Decontamination of instruments, equipment and the environment – Peter Hoffman
Peter Hoffman in his inimitable style reviewed the risks and environmental interventions specific to MDR-GNR. Contrary to the view of some, you can’t take a “leave them and they’ll die off approach” for Gram-negative rods; they will survive on dry surfaces.16 The issues covered by Peter included:
- Outbreaks linked to endoscopes (like the recent outbreak of CRE in Illinous).17
- The problems associated with designating equipment as single-use. Oftentimes only part can feasibly be single-use, meaning that there is a body of the equipment that needs to be decontaminated (and often isn’t). Portable ultrasound machines are a particular challenge. Safe working methods (one hand for the patient, one for the machine) are sound in theory, but challenging in practice (requiring considerable manual dexterity)! Ultrasound gel must be single-use sachets, regardless of cost implications.
- Don’t rely on privacy curtains with antimicrobial claims; they should be changed between MDR-GNR patients. (I wonder whether disinfection using advanced formulations of liquid hydrogen peroxide may be another option.18)
- Don’t rely on wipes for disinfecting mattress covers, especially ‘dynamic’ mattresses, which are full of bug-trapping folds. They probably don’t provide enough wetting (amongst other things).
- Should we invest in single-use pillows?19
- Water systems require careful management, particularly for P. aeruginosa.20
- Bed-pan washers represent a real risk for faecally-associated MDR-GNR. Why are they not more often foot pedal operated?
- Physiotherapy equipment on rehabilitation units is made for physiotherapy, not for effective decontamination. Careful design, with a dose of compromise, is required.
- Peter rarely believes negative results from environmental sampling due to a high risk of spot contamination.21
Peter’s somewhat provocative conclusion was that “there are no special decontamination requirements to control MDR-GNR.” I think the point here was that the issues outlined above are generic, such that addressing them would improve the safety of all patients, not just those with MDR-GNR. However, I fear that the conclusion could be misinterpreted to mean that increased focus on the potential environmental reservoir is not warranted when dealing with MDR-GNR. This does not concur with Peter’s citation of the surprising survival capacity of MDR-GNR, and Dr Oppenheim’s discussion of the ‘critical’ environmental reservoir for MDR A. baumannii.
Controversy: Decolonization and Staff Screening – Prof Peter Wilson
Prof Wilson began by challenging the feasibility of the recommended PHE screening approach. It would result in a lot of patients being identified for screening, and a high proportion of those held preemptively in contact isolation until confirmed negative. Prof Wilson suggesting prioritizing NDM and KPC producers over OXA-48 producers. Whilst I like this idea in principle, I am not sure that we have enough epidemiological data to support this distinction. The recent ESCMID guidelines are a useful resource on screening approaches, if a little wordy.22 Staff screening should be avoided, unless a member of staff is clearly implicated in transmission; what would you do with a carrier? Peter’s view is that clearance swabs are a waste of time, and advocated a “once positive, always positive” approach to CRE. “Once positive, always positive” works in a low prevalence setting, but comes increasingly unstuck as prevalence increases. Is selective decontamination the answer?23,24 Not really; whilst individual patient mortality is decreased, neither selective oral decontamination (SOD) nor selective digestive decontamination (SDD) decolonize carriers. The potential collateral damage of SOD and SDD when applied to MDR-GNR is clear: hastening the arrival of pan-drug resistance.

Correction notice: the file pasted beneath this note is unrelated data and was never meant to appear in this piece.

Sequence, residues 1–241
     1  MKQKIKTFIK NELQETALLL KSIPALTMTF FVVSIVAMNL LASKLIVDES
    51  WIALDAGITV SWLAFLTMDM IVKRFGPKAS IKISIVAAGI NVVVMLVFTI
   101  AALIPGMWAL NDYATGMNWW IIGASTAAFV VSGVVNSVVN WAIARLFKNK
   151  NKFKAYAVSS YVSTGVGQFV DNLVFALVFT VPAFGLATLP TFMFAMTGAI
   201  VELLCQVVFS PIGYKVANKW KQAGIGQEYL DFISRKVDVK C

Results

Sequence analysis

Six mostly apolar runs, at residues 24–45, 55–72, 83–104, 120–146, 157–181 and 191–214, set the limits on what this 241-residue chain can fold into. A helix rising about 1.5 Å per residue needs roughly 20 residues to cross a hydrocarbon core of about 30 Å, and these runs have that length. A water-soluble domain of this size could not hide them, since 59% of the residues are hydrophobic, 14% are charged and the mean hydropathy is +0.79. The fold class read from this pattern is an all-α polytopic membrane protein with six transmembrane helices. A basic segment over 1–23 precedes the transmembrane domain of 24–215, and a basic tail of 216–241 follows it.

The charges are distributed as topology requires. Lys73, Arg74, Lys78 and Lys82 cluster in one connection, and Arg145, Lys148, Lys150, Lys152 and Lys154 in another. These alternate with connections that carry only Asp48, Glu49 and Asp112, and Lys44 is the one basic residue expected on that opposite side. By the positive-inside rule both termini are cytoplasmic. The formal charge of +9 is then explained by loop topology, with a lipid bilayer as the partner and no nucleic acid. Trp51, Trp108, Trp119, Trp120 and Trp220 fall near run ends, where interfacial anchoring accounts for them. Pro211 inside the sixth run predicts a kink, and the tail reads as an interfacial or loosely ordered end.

Therapeutic Options and Looking to the Future – Prof David Livermore
The resistance profile of MDR-GNR leaves few antibiotic classes left; sometimes only colistin, and colistin-resistance is emerging in both Enterobacteriaceae25 and non-fermenters26. Indeed, a national Italian survey found that 22% of KPC-producing K. pneumoniae were resistant to colistin.27 Leaving aside the risk of nephrotoxicity,28 colistin monotherapy results in the development of colistin resistance.29 Another issue relates to challenges in laboratory testing. Apparent MDR-GNR susceptibility depends on the testing methods used, and may not match clinical outcome:30 the mice who died despite antibiotic treatment in one study would surely query the EUCAST and CLSI breakpoints that defined their K. pneumoniae isolates as susceptible.31 The use of existing and more creative combinations of existing antibiotics can help. Also, a small number of new antibiotics are in development (although we have run out of truly novel targets, meaning that they are modifications of existing classes). A more promising approach is the use of antibiotics combined with β-lactamase inbibitors, but these are currently at a fairly early stage of clinical trial.32
Summary and points for discussion:
- People carry their faeces with them, so the global trend of increasing rates of carriage of resistant Enterobacteriaceae is concerning.
- Will the successful national CRE control programme in Israel (a small country with a well-funded, connected healthcare system) be feasible elsewhere?
- Can we safely ‘de-isolate’ CRE carriers? Israel has managed to do it, but I suspect the answer will depend on your level of prevalence and pragmatism.
- Do not conflate the epidemiology of resistant non-fermenters and Enterobacteriaceae; they’re like chalk and cheese!
- Do we have the right stakeholders around the table to write national guidance, and is it written with implementation in mind?
- How best to address the environmental reservoir for A. baumannii and, to a lesser extent, CRE?
- We need to carefully consider the likely collateral damage before applying SOD / SDD when applied to MDR-GNR: pan-drug resistance!
- How far can combinations of existing antibiotics, novel combination and new treatment options go in treating MDR-GNR? Probably not that far; prevention is better than cure.